This page describes the steps to install Keystone. Take at least a few moments to familiarize yourself with the overview, then complete all the steps under “Keystone Installation Tutorial for Ubuntu”. All of the service installation tutorials are set up more or less like this: first background information on the service itself, then subsections for particular platforms. Just make sure you always go to the Ubuntu section.

In the keystone setup guide, the ‘verify operation’ page is under the Ubuntu section. For other services, you may find that page in its own section. Always ensure that you visit this page and follow its instructions, or you may end up with a broken install and not realize it until much later.

In this section and all further sections, make sure that when you copy and paste to configuration files, you carefully ensure that everything reflects your environment. Check and doublecheck the hostnames, IP addresses, and passwords. Once you get to the “Getting Started” page, you are done with that section for the purposes of our deployment. However, do rememeber that this documentation exists in case you want to come back and learn more.


Now you will install glance. You will be told to download a CirrOS image - you need to find an image for arm64/aarch64.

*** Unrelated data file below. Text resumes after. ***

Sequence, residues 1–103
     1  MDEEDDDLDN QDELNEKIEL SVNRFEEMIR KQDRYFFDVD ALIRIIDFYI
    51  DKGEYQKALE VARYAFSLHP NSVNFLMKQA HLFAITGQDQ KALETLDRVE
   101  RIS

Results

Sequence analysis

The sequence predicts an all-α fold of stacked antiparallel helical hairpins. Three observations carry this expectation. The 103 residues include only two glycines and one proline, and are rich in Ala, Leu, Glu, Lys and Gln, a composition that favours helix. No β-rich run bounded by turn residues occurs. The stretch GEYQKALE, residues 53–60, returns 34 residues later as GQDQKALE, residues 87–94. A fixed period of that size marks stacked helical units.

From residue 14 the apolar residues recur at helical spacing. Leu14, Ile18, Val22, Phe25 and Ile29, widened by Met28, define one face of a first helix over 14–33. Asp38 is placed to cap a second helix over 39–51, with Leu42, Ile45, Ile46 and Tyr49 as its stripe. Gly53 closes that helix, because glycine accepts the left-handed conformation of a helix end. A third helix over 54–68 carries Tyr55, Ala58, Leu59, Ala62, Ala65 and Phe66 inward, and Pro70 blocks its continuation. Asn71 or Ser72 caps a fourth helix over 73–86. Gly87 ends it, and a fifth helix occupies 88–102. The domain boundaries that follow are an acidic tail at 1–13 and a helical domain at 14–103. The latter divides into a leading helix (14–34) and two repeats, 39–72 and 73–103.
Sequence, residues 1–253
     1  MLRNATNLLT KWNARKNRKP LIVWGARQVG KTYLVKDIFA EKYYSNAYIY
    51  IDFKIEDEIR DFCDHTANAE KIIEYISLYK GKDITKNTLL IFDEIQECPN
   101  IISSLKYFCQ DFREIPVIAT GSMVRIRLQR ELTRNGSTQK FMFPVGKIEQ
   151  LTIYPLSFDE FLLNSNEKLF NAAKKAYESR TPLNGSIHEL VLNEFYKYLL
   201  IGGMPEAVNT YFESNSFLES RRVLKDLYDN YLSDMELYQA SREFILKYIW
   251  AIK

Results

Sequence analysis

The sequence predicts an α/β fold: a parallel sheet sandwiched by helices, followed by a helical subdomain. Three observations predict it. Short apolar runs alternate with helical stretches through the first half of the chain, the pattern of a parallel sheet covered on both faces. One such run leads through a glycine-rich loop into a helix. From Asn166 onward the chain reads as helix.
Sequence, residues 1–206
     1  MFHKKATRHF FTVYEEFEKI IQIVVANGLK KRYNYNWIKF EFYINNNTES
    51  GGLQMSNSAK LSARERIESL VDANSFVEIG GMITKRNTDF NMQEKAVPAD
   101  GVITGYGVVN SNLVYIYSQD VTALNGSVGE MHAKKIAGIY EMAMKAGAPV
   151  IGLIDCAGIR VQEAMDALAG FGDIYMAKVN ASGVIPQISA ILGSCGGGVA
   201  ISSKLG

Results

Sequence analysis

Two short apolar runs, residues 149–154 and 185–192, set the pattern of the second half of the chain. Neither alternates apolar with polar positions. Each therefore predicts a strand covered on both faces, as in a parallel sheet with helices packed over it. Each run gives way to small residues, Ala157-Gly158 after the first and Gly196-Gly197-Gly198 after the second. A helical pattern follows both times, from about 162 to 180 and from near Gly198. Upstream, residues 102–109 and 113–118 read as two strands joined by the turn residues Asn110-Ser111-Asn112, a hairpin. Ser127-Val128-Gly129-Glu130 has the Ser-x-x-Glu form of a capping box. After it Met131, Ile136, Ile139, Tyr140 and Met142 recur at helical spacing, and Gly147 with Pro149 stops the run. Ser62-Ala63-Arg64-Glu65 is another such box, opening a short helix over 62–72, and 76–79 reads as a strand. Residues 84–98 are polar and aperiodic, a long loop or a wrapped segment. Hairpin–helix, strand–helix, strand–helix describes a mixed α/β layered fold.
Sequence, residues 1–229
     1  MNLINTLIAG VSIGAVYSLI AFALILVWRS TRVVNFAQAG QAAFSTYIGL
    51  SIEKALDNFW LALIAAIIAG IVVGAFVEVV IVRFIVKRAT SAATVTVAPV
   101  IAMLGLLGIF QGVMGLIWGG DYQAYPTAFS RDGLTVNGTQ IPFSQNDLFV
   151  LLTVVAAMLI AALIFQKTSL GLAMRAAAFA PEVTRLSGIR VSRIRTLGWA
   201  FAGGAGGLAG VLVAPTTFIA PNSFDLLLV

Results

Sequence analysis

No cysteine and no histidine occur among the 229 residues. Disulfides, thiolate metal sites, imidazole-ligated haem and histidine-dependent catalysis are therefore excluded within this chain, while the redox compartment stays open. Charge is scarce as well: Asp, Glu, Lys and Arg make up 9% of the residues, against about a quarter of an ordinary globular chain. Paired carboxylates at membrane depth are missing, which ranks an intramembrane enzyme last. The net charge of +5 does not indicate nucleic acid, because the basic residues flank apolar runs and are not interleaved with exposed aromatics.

Install the placement api. There is a longer overview for this section, but don’t worry. Setting it up won’t be harder than the previous sections were.


Time to get some compute power going. Don’t worry too much about all the overview subsections here. They are worth reading and understanding, of course, but for our deployment purposes you can skip straight to the installation sections for Ubuntu under “Install and configure controller node” and “Install and configure a compute node”.

You will be told to check that your platform supports KVM, and that check will fail. However, the Raspberry Pi 4 does support KVM. The check described in OpenStack’s guide is simply looking for AMD or Intel’s version of virtualization support.


Neutron is OpenStack’s networking solution. This is what worried me the most when I was setting up my cluster, since I made no attempt to adhere to either of the networking options described in the install guide. However, I got it working without too much trouble.

We are going to use the instructions for “Networking Option 2: Self-service networks”, so make sure you skip the instructions for “Networking Option 1: Provider Networks”. When you are enumerating type_drivers in the config, omit vlan from the list (unless you have a switch that does support VLAN).

Remember before when I mentioned that eth0 needs to be in promiscuous mode? After you finish following OpenStack’s instructions for this section, it’s time to take care of that. On both your controller node and your compute node, run sudo systemctl edit neutron-linuxbridge-agent.service. Put the following text in the document that opens up and save it:

ExecStartPre=+ip link set eth0 promisc on

Then reboot each node.